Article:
TEXANS PAY THROUGH THE NOSE FOR 1850 COMPROMISE

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by Bartee Haile 

In an angry editorial on Dec. 5, 1849, an influential Austin newspaper advocated a scorched-earth policy in response to the pending theft of New Mexico from the Lone Star State.

“Rather than surrender to the usurpation of the General Government one inch of our blood bought territory,” fumed The State Gazette, “let every human habitation in Santa Fe be destroyed.”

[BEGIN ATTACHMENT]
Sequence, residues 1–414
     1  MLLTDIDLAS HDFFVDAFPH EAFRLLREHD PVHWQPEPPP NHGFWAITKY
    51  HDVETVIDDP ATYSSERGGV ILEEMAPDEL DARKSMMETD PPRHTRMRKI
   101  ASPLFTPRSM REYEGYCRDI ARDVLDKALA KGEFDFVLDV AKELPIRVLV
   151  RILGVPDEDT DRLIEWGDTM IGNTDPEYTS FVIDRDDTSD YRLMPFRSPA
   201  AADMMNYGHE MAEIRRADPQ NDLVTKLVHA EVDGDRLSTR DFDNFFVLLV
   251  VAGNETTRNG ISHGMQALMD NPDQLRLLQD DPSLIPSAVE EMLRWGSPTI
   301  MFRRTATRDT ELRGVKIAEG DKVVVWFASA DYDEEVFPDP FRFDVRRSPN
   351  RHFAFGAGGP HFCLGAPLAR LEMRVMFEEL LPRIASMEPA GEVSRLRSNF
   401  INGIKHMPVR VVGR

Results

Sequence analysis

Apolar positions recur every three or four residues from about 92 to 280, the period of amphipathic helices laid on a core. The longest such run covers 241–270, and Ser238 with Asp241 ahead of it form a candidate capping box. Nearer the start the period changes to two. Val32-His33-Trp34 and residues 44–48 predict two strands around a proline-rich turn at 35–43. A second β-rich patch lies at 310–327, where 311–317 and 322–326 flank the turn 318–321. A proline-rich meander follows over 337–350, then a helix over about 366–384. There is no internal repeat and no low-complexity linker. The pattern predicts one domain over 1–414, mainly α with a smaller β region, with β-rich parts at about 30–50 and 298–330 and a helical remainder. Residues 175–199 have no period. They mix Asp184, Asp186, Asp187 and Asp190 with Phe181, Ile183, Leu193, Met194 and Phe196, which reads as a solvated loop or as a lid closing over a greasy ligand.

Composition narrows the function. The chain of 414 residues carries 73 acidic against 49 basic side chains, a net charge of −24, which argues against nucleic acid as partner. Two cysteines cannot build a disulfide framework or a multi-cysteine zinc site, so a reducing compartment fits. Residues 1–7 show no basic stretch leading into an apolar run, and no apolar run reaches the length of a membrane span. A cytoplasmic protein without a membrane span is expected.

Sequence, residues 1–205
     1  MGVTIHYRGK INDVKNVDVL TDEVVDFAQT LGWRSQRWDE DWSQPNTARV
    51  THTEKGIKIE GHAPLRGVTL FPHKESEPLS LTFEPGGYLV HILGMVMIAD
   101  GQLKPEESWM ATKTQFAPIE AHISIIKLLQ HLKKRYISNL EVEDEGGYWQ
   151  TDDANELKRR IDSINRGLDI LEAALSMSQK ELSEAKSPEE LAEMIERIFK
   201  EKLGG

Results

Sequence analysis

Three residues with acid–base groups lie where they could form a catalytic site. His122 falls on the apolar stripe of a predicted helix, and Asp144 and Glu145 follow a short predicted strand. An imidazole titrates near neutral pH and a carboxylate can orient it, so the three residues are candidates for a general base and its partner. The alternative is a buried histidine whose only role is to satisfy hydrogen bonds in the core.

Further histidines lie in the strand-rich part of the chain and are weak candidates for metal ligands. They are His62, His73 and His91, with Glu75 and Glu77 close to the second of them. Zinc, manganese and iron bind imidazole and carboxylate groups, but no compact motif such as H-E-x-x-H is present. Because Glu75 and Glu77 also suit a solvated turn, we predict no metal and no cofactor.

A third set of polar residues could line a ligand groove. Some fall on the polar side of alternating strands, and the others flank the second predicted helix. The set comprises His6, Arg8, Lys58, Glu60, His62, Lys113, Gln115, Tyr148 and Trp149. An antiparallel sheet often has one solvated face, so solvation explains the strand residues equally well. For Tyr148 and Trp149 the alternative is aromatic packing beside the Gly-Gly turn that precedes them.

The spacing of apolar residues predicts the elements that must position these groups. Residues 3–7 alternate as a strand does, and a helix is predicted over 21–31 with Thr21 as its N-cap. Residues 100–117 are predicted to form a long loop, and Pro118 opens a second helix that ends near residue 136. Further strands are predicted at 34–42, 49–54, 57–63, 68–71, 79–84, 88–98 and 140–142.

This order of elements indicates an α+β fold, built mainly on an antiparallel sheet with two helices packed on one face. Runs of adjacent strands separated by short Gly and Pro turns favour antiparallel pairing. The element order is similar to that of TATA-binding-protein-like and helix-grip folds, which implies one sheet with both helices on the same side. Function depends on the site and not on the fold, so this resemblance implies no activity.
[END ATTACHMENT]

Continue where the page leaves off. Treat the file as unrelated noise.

Texans were too busy battling the mortal enemy on their southern flank in 1846 to pay much attention to the autumn occupation of New Mexico by the Army of the West. Those few that noticed how quickly Gen. Stephen Kearney established a military regime in Santa Fe never thought to question his motives.

 

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